Privacy, complexity, scalability: "But privacy was an issue: Running the [SWIFT] test with just 28 banks required 528 subledgers to maintain the confidentiality of information. ... Using today’s technology, Visa can process 24,000 transactions per second. The best I have been able to find that any DLT can do is 1,500-2,000 transactions per second"

Intersection with cash economy: "Mobile network operators, with 2.9 million active cash-in/cash-out agents worldwide, currently reach the poor very effectively, ... It is not evident that DLT makes it work better, particularly in environments where both 3G and electricity access are sketchy."

Recourse

"In the financial inclusion space, we have not yet seen business models emerge that make a compelling case for DLT over existing technology solutions with trusted third-party managers. ... Places where we think there may be breakthroughs are mostly in areas where distributed, real-time information is important: supply chain finance, agricultural value chains, identity verification, personal data storage, clearing and settlement, collateral and land registries and maybe credit reporting."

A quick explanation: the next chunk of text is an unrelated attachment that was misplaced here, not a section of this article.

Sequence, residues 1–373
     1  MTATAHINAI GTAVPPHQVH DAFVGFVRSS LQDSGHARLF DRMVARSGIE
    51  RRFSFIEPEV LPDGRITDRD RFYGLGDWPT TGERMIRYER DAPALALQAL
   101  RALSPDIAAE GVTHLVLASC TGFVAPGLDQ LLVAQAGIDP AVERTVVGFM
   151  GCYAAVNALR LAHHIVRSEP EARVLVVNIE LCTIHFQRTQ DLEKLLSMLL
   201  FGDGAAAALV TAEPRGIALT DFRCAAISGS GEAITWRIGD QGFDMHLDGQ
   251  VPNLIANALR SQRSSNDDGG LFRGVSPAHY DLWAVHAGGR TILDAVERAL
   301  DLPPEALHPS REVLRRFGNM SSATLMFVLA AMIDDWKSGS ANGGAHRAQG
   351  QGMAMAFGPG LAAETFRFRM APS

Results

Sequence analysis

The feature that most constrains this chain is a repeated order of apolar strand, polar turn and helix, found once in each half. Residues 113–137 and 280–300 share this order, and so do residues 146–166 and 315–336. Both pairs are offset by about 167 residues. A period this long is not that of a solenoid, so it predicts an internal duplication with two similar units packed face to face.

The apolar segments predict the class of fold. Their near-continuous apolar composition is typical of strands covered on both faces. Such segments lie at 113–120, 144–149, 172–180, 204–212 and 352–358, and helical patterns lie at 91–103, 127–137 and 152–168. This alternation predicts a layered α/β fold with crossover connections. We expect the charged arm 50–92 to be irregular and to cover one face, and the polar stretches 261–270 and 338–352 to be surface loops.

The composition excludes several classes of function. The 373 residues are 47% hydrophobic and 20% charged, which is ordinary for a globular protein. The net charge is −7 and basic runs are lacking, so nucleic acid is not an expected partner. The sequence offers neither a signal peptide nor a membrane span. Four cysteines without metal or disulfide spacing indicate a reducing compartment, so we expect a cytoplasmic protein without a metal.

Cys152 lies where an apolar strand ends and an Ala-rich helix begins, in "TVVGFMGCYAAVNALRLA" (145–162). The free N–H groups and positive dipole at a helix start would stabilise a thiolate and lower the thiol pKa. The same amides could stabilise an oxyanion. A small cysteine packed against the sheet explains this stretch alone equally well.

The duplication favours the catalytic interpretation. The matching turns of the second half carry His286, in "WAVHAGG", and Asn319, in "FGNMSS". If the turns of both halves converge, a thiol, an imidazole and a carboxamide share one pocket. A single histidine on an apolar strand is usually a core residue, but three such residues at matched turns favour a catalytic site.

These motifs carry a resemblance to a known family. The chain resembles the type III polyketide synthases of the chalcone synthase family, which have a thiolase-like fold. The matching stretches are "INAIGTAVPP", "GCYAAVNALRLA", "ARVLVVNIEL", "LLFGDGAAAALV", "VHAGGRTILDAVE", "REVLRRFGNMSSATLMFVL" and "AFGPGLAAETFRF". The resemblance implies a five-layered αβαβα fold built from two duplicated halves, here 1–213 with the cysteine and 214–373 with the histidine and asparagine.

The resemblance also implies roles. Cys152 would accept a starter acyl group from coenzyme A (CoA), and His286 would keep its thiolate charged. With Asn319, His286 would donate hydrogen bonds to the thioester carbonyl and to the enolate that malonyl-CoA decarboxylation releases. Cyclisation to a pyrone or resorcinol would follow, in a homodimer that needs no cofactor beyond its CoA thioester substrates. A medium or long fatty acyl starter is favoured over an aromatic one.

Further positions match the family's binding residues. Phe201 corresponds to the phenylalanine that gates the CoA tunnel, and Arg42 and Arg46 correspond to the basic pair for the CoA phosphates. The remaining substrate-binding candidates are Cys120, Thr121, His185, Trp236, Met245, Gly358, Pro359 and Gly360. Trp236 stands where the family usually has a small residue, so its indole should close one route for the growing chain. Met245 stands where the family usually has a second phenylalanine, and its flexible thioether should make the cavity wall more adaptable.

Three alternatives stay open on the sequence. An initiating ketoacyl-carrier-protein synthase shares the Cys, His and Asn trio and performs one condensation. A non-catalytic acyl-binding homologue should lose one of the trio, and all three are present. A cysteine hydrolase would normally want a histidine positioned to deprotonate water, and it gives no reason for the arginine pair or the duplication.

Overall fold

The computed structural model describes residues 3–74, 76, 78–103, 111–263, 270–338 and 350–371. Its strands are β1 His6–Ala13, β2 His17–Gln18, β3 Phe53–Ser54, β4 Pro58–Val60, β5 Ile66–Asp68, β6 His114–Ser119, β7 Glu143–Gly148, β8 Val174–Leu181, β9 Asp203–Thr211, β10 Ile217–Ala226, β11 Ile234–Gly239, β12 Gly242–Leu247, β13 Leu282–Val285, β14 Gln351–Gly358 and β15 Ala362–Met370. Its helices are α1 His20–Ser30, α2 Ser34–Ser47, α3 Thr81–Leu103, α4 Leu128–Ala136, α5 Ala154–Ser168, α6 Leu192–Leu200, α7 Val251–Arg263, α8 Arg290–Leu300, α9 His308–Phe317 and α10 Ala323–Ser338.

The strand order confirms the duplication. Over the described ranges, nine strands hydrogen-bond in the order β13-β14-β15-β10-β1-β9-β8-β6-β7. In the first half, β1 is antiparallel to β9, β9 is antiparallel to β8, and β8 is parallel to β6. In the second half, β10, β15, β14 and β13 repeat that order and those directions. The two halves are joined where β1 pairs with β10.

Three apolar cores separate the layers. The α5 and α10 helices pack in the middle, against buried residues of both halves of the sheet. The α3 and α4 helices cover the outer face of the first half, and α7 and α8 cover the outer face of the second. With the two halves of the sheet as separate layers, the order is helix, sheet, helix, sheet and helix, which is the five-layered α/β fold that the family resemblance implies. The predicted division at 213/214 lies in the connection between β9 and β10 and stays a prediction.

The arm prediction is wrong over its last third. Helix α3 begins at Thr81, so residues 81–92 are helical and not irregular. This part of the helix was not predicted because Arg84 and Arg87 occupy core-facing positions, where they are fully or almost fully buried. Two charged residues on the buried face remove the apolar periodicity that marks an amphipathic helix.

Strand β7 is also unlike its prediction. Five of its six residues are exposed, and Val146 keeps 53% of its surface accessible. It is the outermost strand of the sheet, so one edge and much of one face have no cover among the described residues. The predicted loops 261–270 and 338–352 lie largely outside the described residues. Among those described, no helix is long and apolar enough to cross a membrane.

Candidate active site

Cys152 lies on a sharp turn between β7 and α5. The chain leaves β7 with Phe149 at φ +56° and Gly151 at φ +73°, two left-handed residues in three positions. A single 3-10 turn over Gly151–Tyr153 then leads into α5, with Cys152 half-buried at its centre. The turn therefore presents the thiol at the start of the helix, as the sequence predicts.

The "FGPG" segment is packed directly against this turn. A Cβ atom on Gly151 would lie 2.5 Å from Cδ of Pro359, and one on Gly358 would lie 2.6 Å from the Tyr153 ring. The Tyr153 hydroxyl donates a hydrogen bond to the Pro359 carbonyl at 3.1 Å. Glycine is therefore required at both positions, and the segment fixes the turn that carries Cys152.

CGAP  blockchain  development-assistance  finance  SWIFT 
june 2018 by pierredv
How Developing Countries Can Prevent Their Own Equifax Breach | CGAP
Developing countries have a great advantage when it comes to data security — they can learn from the lessons of developed countries. The recent incident involving the security breach at the American credit bureau Equifax, that exposed the personal information of over 145 million people, provides two important lessons: avoid big databases where possible and give consumers more control over their personal information.
CGAP  finance  development-assistance  cybersecurity  Equifax  opinion 
november 2017 by pierredv
Will Universal Basic Income Replace Safety Net Payments in India? | CGAP Feb 2017
"India’s finance minister presented the 2017-2018 budget to Parliament on January 31, 2017. There had been speculation that the budget might include a proposal for a universal basic income (UBI) for all Indians. In fact, the India Economic Survey 2016-17, released by the Office of the Economic Advisor to the Prime Minister just ahead of the budget speech, devoted an entire chapter to discussing the pros and cons of UBI. Under a UBI scheme, the government would guarantee a minimum income to all citizens in place of the many safety net subsidies it now provides. Historically, Indian governments have provided citizens with subsidies related to education, fertilizers, food, fuel, health care and more, in addition to subsidising interest rates on loans. These programs face common challenges related to identifying citizens, determining whether citizens qualify, and delivering subsidies through appropriate channels. Three key issues are being debated right now"
CGAP  India  UBI 
march 2017 by pierredv
How the Poor Manage their Money - CGAP July 2015
A new CGAP video explains four behaviors that commonly underpin people's money management practices.
CGAP  poverty  finances 
july 2015 by pierredv